The rise of Chelsea and Man City shows that it takes a lot of money to break into the Champions League elite, but once you're there, it creates a virtuous circle. The same is true for inflation. There is a self-reinforcing loop of high inflation expectations, wages and prices. But the 2014 oil shock looks to have knocked the US and Japan out. Consumers' inflation expectations remain stubbornly low.
At the time of writing this I am very worried. The new football season is beginning. My team, Liverpool, have qualified for the Champions League playoff. But we’re in danger of losing our best player (Coutinho) to a bigger team (Barcelona), as happened a few years ago with superstar Luis Suarez.
Liverpool used to consistently finish in the top four of the Premier League, entitling them to tens of millions of pounds of TV revenue from the lucrative European Champions League. This creates a virtuous circle. Money and status get the best players and managers. This creates success on the field, which in turn creates more money from sponsorship and TV revenue.
Two commodity shocks broke this cosy Premier League equilibrium. First Russian Oligarch Roman Abramovich (oil and aluminium) bought Chelsea in 2003. Second, Sheikh Mansour of the United Arab Emirates (oil) bought Man City in 2008.
This squeezed Liverpool out of the top four and the Champions League. Although they sometimes managed to sneak in, they couldn’t hold on the following season as they didn’t have the resources and reputation to keep their best players.
The opposite is the case for Chelsea. After winning the league in 2014-15, they finished disastrously in 2015-16 (10th). But they still had the resources and reputation to recover. They poached the best player (N’Golo Kante) from surprise title-winners Leicester for £32m and rebounded to win the league again in 2016-17, keeping them in the virtuous circle of success.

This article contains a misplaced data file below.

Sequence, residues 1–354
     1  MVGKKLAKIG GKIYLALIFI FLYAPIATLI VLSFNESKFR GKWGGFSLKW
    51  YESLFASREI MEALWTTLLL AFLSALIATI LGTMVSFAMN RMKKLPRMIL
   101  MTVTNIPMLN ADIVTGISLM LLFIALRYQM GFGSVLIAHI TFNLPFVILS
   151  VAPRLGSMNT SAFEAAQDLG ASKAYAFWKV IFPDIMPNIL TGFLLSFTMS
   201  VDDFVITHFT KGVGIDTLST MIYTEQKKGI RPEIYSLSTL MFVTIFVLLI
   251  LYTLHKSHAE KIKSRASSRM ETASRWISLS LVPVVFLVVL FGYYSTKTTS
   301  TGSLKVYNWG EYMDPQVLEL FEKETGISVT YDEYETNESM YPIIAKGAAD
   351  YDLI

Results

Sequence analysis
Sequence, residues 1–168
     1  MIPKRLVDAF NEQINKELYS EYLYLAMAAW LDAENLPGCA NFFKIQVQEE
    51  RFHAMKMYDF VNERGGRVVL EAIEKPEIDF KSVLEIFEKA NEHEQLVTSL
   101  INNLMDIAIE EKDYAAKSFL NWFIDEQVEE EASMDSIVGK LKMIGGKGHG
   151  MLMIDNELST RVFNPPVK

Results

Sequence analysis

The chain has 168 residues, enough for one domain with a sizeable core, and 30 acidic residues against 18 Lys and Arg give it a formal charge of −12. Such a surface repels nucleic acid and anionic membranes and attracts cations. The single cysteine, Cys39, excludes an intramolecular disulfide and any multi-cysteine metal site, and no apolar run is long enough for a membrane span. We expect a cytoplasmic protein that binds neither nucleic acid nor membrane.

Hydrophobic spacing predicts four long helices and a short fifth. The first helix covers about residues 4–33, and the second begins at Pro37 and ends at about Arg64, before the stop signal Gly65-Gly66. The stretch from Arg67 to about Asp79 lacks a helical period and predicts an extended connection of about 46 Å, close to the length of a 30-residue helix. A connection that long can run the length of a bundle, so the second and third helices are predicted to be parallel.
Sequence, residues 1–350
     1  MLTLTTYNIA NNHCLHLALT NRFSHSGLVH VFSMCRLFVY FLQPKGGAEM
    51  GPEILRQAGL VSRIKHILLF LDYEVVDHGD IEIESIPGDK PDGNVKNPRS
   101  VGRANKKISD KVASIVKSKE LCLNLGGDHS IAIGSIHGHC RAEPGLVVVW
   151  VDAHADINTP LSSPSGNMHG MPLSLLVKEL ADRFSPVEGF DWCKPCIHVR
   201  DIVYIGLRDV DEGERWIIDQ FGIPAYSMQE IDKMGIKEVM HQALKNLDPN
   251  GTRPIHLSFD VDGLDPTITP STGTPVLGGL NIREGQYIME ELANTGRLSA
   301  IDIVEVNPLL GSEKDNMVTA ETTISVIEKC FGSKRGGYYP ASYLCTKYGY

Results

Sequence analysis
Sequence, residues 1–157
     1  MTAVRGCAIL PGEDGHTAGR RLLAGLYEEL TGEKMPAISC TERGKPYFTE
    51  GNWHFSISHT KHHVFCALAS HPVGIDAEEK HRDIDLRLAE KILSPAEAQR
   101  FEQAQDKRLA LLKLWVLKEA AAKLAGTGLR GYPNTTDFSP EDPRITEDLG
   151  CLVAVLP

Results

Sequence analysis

So I’m worried that Liverpool will, once again, fail to keep up with the big boys. I’m also worried that inflation expectations have failed to kick off, keeping us stuck in a cycle of persistently low inflation.
We’re all familiar with the ‘second-round’ effects of the 1970s oil shocks. As OPEC turned off the taps and oil prices shot up, workers demanded compensatory pay rises which in turn fed through to higher goods and services prices which in turn led to higher wage demands. This spiral was painfully smashed by high interest rates and labour market deregulation by Thatcher and Reagan in the early 80s.
But the same can apply in reverse. A collapse in oil prices, like we saw in 2014 when oil halved from $100 to $50, can reduce inflation expectations. This can feed through into lower wage demands which in turn depresses inflation and so on.
This is one reason why central banks have kept their foot on the accelerator in recent years, to prevent low inflation from being locked in.
Unfortunately, the results have disappointed.
US consumers’ long-term inflation expectations fell after the 2014 oil shock. That was unsurprising given headline inflation dipped to zero. But as inflation bounced back to 2%, I thought inflation expectations would rise in tandem. I confess. I got it wrong. They haven’t. They’ve actually fallen to record lows.
So compared with this time in the last economic cycle, US consumers’ inflation expectations are ½% lower. This helps explain why wage inflation remains low and as with the 1970s, can be a self-reinforcing circle that’s difficult to crack.
The experience of Japan illustrates this:
Despite trillions of yen of asset purchases, Japanese consumers’ inflation expectations remain where they were before Abenomics began. Although the government ran an aggressive campaign to boost wages, they remain muted and core consumer price inflation remains close to zero.
As the rise of Chelsea and Man City illustrated, commodity-related shocks can have long-term implications - not just for Liverpool’s Champions League ambitions, but also inflation.